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Engineers design underwater turbine technology that could revolutionize what we know about tidal energy: 'Building the foundation of a research platform'

"We got hit by a lobster pot the other day."

"We got hit by a lobster pot the other day."

Photo Credit: Mason Bichanich, UNH

Two doctoral candidates partnered to create an underwater turbine to track tidal energy.

According to CleanTechnica, University of New Hampshire students Parviz Sedigh and Mason Bichanich had never seen their work implemented underwater. They did it through a partnership with the National Renewable Energy Laboratory, Sandia National Laboratories, and the Pacific Northwest National Laboratory in addition to funding from the Department of Energy's Water Power Technologies Office. 

They used the NREL's Modular Ocean Data Acquisition setup, enabling their turbine to collect data on tidal energy. The clean energy source could power up to 21 million homes in the United States. Since the country can't harness all that power, some will be reserved for water occupants such as fishers and boaters. 

The turbine is the size of a harbor seal and will not just collect data but also help power a drawbridge. It will support community education through UNH's Living Bridge Project and be placed under the Memorial Bridge in Portsmouth. 

The turbine will collect data on power output, environmental conditions, and strain on the turbine and track other equipment, such as the PNNL's acoustic camera. The camera will track floating perils and data on debris.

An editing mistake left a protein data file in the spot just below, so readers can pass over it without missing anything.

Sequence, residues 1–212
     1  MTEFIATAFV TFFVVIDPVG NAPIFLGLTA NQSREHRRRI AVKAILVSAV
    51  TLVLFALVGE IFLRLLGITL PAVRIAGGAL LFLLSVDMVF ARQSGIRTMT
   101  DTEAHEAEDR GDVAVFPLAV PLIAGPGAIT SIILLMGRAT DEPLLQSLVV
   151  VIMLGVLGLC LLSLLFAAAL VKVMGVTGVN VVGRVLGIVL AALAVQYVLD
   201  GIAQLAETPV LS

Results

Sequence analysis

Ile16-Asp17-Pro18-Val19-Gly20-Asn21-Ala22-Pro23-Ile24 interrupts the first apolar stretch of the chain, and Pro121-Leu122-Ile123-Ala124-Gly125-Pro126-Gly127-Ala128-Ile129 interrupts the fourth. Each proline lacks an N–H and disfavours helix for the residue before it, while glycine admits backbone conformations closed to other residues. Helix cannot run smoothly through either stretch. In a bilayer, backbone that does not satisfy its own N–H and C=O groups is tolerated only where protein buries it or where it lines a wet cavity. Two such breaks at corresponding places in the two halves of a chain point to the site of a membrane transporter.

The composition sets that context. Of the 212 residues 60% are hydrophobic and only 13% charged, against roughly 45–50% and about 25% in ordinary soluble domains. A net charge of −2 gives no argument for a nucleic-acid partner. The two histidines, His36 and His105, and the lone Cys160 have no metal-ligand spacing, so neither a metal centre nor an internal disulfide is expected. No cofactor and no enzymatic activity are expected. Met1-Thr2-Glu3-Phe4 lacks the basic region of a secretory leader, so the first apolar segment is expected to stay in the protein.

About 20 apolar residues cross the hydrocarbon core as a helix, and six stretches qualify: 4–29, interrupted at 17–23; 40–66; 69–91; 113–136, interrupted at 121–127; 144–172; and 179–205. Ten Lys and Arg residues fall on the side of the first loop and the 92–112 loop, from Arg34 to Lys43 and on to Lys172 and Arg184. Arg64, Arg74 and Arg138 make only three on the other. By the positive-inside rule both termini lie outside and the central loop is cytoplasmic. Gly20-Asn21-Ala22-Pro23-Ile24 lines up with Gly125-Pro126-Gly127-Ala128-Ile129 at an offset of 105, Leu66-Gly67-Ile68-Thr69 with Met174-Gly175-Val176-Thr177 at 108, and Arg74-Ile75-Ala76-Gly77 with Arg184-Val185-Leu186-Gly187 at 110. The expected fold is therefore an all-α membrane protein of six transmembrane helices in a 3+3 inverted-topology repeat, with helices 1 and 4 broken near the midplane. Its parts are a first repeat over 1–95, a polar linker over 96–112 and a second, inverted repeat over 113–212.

"We got hit by a lobster pot the other day," Bichanich said.

Aidan Bharath, project lead at NREL, said, "Bichanich and Sedigh are building the foundation of a research platform that will allow future turbine components to be tested and comprehensively monitored."

Tidal energy works by turning a tidal stream into fast-flowing water and converting it into energy. It works similarly to how wind turbines use air to generate energy. 

According to PNNL, water is more efficient than solar or wind as an energy source because it is denser. In addition, it doesn't produce toxic gases or other waste.

Using a clean energy source will positively impact the community because it improves the community's health and reduces health care costs associated with polluting gases. 

The UNH students' partnership isn't the only tidal turbine getting implemented. Orbital Marine Power deployed a turbine in Orkney, Scotland, in 2021. Now, it's using the same technology to install one on the coast of Washington.

If you live by water, you can encourage your community to install tidal turbines by getting involved and demanding change. 

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